Despite the cover, this menu was not used in le Chateau Champlain but on board a Canadian Pacific dining car, possibly on a train between Montréal and Toronto or Montréal and Halifax. This is one of Canadian Pacific’s crasser efforts to cross-advertise its properties through menus, but it may be partially excused because the hotel, which was designed by Frank Lloyd Wright student Roger D’Astons, had just opened in 1967 in time for the Montréal Expo.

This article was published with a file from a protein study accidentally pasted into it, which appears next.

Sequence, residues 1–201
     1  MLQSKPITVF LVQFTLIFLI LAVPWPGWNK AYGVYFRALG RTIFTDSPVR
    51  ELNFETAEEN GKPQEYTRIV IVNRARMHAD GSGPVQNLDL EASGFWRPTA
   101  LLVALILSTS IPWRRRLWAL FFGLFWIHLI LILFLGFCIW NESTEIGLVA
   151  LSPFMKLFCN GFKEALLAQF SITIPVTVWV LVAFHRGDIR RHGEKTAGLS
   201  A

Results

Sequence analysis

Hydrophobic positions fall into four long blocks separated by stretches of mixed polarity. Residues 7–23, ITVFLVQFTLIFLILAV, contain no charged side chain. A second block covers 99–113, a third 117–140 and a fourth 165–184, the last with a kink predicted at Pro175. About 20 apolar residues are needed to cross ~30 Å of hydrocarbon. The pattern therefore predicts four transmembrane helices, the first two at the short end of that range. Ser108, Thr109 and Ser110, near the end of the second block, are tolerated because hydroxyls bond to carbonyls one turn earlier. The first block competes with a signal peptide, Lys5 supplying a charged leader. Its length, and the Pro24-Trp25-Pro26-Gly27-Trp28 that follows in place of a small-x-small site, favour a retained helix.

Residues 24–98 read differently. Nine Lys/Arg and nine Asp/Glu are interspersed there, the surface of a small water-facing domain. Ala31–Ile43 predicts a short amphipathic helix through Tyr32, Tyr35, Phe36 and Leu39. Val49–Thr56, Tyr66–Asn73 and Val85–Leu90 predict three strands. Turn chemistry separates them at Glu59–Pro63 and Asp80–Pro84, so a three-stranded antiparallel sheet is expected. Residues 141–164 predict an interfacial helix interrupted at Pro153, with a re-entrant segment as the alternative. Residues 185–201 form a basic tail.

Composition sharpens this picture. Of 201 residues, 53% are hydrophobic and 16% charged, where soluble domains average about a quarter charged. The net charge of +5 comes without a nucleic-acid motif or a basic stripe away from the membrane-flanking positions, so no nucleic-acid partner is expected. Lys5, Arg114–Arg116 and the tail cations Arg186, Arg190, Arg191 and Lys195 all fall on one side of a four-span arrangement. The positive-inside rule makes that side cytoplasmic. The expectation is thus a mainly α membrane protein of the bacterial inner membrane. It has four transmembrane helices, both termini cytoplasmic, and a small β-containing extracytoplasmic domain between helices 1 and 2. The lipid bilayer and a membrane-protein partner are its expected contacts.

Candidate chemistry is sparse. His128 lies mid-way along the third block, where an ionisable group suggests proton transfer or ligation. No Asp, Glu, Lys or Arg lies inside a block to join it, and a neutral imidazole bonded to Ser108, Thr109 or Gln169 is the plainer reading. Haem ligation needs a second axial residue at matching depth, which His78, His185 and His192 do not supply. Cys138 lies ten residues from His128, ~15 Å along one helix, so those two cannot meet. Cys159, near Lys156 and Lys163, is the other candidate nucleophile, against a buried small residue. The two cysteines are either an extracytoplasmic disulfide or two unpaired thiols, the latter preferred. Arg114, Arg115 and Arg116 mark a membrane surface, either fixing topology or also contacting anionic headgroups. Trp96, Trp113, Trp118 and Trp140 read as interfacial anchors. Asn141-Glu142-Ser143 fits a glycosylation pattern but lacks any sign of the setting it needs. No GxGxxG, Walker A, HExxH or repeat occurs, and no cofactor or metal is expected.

The menu is typical for the era with the table d’hôte side offering sirloin steak, unspecified fish, beef stroganoff, lamb chops, and roast turkey. All of these are also entrées on the a la carte side. Whoever priced the menu was very creative, as stepping up from a la carte to table d’hôte added just 75 cents to the price of the stroganoff, $1 to the turkey and lamb, $1.10 to the fish, and $1.25 to the steak. Multiply prices by about 7.2 to get today’s Canadian dollars.